Patrick Renner’s solo exhibition Once and Future Architecture at Architecture Center Houston features a monumental and painterly sculpture made of found and repurposed materials. Building on his singular artistic language, Renner’s gritty and tender work explores the capacity of art and architecture to generate, incubate, and transform ideas for the maker and viewers alike.
The form that Renner’s sculpture takes and the materials he uses are inspired by the architectural nests mud daubers (harmless wasps) create. The term “nest” is perhaps a bit misleading because these are not homes or dwellings, but incubation spaces. Adult wasps laboriously create their nests with mud, seal their larvae inside, and abandon the nest. The holes that we see in the nests are actually the result of young wasps carving their way out of and erupting from the surface of dried mud. These architectural nests are temporary spaces for generation, protection, and ultimately transformation, concepts that are mirrored in Renner’s sculpture and in his practice. He recycles materials, processes, and ideas into new work, sometimes even incorporating past artworks; he is always innovating and reinventing his approach.
Materially, both Renner and mud daubers use refuse to create their structures. Renner finds and stores unaltered, colorful and weathered wooden planks, trashed cardboard, paint cans, and a plethora of other reclaimed materials. The way Renner collects and repurposes materials deemed unusable by many reminds me of artists like El Anatsui and Ian Gerson, although Renner sites Rodin, Brancusi, Gordan Matta-Clark, Martin Puryear, and Anne Hamilton as his major influences. In fact, a metal object embedded into the lower structure was part of Renner’s first public sculptural work, directly inspired by Rodin. This is not the only old artwork that finds its way back into this sculpture.
On his initial site visit for the show, the holes in the ceiling of the exhibition space reminded Renner of wooddauber, a sculpture he made in 2012, which featured intricate strips of veneer, layered and interlocking like a jigsaw puzzle. wooddauber is now embedded into the surface of this larger sculpture and serves as a visual thesis or maquette. By using refuse, Renner transforms the idea of what these materials can be and what they can mean.
Despite the subversive nature of using discarded and reclaimed materials, I find that there is a reverent and sacred tone in Renner’s installation. There is a tenderness in the way the materials were selected and reconfigured into a patchwork quilt or bandage-like surface. I feel a sense of temporary protection in this space, as if I am visiting a clinic, shelter, shrine or temple. It is a feeling that I could return to time and again to experience a slow, rumbling change within myself and the way I understand this monumental structure. It brings me back to 2016, when I visited the Cy Twombly Gallery every week for a year, which was a deeply cathartic experience.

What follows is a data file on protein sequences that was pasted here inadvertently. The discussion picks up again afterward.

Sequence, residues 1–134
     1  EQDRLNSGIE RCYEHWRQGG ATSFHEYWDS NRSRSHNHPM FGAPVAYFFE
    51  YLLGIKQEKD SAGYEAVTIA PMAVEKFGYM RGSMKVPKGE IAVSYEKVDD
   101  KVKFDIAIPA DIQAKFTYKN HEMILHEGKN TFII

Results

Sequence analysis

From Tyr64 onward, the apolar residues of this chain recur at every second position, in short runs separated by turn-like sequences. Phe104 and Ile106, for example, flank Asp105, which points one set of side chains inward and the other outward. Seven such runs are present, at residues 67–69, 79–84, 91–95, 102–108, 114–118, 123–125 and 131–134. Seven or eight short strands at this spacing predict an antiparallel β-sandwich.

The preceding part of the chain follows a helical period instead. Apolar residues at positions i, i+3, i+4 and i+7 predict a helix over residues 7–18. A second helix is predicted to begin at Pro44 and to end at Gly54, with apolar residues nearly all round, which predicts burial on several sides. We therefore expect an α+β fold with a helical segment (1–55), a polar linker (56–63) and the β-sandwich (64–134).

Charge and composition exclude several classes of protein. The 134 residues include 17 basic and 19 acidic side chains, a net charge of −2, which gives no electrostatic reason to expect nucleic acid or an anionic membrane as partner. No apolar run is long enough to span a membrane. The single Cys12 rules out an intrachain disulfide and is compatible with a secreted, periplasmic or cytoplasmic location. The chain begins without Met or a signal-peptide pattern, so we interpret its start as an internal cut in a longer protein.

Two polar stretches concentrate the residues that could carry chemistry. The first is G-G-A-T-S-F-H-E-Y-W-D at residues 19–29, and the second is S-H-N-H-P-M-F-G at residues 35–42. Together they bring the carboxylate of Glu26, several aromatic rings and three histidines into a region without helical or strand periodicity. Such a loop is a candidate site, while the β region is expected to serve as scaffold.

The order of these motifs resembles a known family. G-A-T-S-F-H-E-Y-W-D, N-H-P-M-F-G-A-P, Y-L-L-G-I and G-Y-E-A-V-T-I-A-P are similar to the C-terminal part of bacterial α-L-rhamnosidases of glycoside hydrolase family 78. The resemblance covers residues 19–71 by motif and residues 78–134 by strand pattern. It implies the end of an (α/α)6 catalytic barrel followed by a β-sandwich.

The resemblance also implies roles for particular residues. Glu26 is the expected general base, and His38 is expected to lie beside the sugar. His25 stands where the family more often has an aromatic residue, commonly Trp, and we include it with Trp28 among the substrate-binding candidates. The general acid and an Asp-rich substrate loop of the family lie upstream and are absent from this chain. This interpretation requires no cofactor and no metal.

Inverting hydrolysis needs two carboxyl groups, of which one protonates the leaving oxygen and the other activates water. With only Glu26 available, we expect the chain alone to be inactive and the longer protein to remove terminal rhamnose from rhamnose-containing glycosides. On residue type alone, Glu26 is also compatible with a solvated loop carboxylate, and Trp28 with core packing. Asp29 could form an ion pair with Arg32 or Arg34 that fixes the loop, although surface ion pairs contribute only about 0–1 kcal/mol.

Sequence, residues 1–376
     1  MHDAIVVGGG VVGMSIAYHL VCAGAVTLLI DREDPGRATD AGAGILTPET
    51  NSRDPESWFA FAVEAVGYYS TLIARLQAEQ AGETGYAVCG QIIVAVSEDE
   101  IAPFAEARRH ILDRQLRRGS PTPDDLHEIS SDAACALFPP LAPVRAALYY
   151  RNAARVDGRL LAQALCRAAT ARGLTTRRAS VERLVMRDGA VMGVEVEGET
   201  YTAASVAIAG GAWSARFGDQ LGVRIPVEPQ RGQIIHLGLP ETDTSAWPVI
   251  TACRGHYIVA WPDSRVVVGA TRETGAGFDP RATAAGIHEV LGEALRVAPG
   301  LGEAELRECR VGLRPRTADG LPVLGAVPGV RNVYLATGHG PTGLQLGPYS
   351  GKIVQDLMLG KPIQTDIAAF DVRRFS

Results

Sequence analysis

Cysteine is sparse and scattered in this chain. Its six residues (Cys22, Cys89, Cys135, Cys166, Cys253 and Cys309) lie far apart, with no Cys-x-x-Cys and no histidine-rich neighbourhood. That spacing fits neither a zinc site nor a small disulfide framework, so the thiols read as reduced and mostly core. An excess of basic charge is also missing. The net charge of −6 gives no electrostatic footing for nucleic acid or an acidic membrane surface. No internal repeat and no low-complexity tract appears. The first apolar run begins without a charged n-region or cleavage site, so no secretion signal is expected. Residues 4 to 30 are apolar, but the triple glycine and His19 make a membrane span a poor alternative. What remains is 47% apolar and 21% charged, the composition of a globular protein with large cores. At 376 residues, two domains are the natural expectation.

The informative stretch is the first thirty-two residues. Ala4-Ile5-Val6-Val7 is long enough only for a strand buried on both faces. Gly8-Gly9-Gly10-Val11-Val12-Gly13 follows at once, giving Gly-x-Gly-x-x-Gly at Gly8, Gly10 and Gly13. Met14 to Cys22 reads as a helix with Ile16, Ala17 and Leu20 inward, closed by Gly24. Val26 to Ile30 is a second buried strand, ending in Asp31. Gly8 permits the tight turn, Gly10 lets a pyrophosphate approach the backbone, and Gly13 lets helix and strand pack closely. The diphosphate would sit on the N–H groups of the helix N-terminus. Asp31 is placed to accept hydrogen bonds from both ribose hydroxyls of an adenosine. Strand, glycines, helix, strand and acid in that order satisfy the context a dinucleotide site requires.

Oddly enough, Cy Twombly was the inspiration behind one of Renner’s small sculptures that line the interior wall. The layers of connections Renner shares with past and current artists adds to a deep sense of reverence. At the same time, he embraces various imperfections: for example, his decisions to preserve sharpie marks on wooden planks and to leave tape on the floor, which was used to map the structure. On a recent visit to see the space, Renner told me, “Art is precious and I love it when it’s not.”
In the interior space, there is also an installation of Chunklets. They belong to an ongoing series for which Renner collects discarded bits and pieces while cutting down larger boards for other works. He then rearranges the small chunks into compositions. Where the entire sculpture feels painterly, these Chunklets come across as small paintings. They are beautiful shards, seemingly cut from larger gemstones. Only for this set of Chunklets, the edge of each is coated in stabilized mud, which materially connects back to the wasps and their nests. I love the way the making of these objects leans into randomness, chance, and intuition. This is part of a generative and transformative practice, one that is always evolving.
I admire the sense of precariousness and tenuousness in Renner’s work. He seems to embrace the impermanence of all things, both in this installation and in his studio practice. A lot of the refuse materials making up this structure are likely to be used in future iterations of Renner’s work. This makes me think that these materials and the forms they create are not meant to be permanent. Akin to the mud dauber nests, these are not homes or dwellings, rather they are temporary incubation spaces.
Renner creates architectural, sculptural, and artistic spaces for brief refuge, as a way to navigate through life. The evolution of his artistic language and creative practice is what remains a constant in a sea of uncertainty. Renner has built a naturally evolving, expanding, and synergistic practice that embraces adaptability, risk, and randomness as tools for philosophical and artistic survival.
Peewee Ruiz, Jonathan Rico, Jaykub Rodriguez, Mike Kirby, and Linda Renner (Patrick’s mom) were collaborators on Once & Future Architecture.
Stay tuned for Tape and Take, the closing reception on Saturday, August 19, from 1-5 p.m., where visitors are invited to designate areas of the sculpture’s surface to be cut out and purchased at a rate per square foot. The Chunklets will also be available for sale at the end of the show.
Once & Future Architecture is on view at Architecture Center Houston through August 18, 2023.